White Perch Behind the South Jersey Coast Scene
With the summer saltwater bites at almost a full mouthful, with more to come, a most delectable morsel remains pretty much ignored save for those who enjoy ultra-light tackle tussles and a platter of finger-lickin' good deep-fried fillets.
Re-enter the white perch.
Sure, this panfish, which is actually a member of the true bass family and close kin to the striper, is a springtime staple along the south Jersey coast. However, once flounder (fluke) season opens, thoughts of this brackish water bait buster pretty much disappear.
From this corner, where solitude is an important part of the fishing scene, this is a good thing. Chances are great you’re not going to encounter many if any, other anglers seeking this spine-festooned wad of white meat during the summer swelter.
Perch will be frequenting the same areas they did during the spring bite, and now they’ll be on the chew during both phases of the tide. We opt for the last hour of the incoming and the first two of the outgoing, and on rare occasions, have even picked off a few during the slack when probing the deeper holes.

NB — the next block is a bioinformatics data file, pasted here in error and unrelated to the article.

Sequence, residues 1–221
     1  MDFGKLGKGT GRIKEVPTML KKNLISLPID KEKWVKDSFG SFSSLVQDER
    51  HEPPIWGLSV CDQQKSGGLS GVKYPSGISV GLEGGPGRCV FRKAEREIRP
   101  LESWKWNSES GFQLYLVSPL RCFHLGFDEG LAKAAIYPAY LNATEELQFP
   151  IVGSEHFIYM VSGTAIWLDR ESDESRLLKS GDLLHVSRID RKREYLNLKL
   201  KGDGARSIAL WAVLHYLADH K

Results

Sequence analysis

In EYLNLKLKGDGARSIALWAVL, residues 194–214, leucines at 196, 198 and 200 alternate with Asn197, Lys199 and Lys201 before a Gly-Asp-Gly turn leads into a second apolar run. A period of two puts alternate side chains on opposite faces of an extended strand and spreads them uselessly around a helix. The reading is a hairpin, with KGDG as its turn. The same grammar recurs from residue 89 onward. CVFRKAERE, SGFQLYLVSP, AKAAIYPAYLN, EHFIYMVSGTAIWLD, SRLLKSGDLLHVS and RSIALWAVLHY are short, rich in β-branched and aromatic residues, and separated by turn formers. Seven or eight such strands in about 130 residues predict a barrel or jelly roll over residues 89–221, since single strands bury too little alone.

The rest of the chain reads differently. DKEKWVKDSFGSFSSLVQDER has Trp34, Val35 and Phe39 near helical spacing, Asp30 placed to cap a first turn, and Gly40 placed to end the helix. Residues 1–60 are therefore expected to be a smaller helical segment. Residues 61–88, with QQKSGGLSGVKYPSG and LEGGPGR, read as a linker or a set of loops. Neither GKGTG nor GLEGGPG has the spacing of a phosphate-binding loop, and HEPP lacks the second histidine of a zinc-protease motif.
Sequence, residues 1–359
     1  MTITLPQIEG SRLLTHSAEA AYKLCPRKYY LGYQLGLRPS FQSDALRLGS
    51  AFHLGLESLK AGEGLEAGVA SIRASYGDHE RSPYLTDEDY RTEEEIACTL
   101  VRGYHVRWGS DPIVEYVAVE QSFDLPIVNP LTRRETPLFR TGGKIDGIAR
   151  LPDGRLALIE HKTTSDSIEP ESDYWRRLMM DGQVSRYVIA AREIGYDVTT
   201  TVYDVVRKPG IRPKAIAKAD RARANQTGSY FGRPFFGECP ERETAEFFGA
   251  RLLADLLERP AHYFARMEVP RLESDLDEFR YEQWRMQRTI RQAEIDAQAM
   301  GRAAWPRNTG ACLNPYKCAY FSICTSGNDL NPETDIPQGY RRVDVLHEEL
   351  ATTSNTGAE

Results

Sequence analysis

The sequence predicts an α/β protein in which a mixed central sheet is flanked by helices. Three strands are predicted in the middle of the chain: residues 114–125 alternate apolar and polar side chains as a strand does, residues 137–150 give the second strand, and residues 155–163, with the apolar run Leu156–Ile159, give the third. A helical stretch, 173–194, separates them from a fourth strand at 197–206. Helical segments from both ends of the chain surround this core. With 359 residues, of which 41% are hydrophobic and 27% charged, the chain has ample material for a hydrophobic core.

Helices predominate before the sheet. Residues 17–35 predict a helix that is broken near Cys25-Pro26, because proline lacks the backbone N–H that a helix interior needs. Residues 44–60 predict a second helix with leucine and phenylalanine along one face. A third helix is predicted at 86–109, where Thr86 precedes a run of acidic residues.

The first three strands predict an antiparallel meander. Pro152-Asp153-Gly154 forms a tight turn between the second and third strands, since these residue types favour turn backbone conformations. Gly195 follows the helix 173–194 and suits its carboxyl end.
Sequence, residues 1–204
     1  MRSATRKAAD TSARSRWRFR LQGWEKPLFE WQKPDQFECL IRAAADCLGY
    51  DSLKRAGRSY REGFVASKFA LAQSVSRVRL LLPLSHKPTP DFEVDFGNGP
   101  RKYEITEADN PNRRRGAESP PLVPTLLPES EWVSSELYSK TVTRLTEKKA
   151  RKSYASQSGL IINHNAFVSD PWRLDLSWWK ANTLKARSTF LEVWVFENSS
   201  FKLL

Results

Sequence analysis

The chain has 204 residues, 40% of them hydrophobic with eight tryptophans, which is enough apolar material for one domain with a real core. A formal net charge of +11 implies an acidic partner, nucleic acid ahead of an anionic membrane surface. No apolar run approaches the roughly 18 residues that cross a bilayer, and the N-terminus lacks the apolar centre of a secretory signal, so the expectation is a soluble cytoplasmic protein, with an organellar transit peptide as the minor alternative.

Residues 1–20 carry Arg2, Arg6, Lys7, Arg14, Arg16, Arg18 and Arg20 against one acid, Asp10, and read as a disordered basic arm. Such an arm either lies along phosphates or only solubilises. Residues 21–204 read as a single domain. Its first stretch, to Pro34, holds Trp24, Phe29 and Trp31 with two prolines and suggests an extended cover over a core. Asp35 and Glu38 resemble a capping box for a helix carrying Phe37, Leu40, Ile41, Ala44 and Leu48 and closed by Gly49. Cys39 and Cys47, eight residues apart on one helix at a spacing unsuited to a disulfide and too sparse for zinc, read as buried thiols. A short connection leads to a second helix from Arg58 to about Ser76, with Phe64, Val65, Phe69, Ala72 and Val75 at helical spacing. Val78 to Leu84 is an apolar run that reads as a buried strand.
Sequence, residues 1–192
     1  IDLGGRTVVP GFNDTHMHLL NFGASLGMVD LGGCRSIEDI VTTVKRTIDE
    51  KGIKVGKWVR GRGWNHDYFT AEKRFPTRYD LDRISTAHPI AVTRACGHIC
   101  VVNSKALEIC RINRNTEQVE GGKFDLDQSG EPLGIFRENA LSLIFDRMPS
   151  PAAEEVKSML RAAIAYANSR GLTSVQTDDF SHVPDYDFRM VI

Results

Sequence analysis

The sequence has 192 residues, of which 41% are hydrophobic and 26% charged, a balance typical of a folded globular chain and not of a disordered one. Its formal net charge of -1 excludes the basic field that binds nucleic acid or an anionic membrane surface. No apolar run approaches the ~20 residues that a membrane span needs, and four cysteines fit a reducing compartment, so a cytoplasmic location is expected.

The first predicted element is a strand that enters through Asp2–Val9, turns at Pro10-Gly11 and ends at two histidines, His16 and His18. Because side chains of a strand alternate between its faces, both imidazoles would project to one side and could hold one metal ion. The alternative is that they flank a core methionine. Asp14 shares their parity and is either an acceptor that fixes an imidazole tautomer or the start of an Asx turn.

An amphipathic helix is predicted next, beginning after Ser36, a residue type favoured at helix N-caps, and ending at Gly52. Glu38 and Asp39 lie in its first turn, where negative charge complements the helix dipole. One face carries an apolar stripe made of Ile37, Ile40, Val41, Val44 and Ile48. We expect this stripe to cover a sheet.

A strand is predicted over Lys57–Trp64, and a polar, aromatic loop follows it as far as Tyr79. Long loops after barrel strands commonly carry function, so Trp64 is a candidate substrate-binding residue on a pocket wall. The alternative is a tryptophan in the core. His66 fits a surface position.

A schooling species, multiple catches in one area, is the norm, but they’ll move from hole to hole hunting forage such as fiddler crabs, minnies (killies), grass shrimp, and marine worms. As such, be willing to lift anchor and move when the action slows. The same goes when fishing from the bank. When the fish move, you move. In all likelihood, you’ll hit on another school, and the catching starts all over again.
Grass shrimp, bloodworms, and small minnies, either on a hi-low ring, on a single hook under a float, or mated to a tiny (1/8- ¼ oz.) jig will all catch perch. When the water is a bit stained or when the fish are finicky, we’ll opt for a size#0 gold or silver spinnerbait clip with a 1/8-oz. chartreuse or white jig head tipped with a short strip of Fishbites Bloodworm or Gulp! Bloody Bloodworm. This setup is an action-starter 95% of the time.
Top summertime perch swims include the Tuckahoe River and its latticework of tribs, the Egg Harbor River, Mullica River, Bass River, and Absecon Creek. On occasion, the Mill Creek and the creeks pulsing through the Manahawkin wildlife management area will cough up decent counts of fish.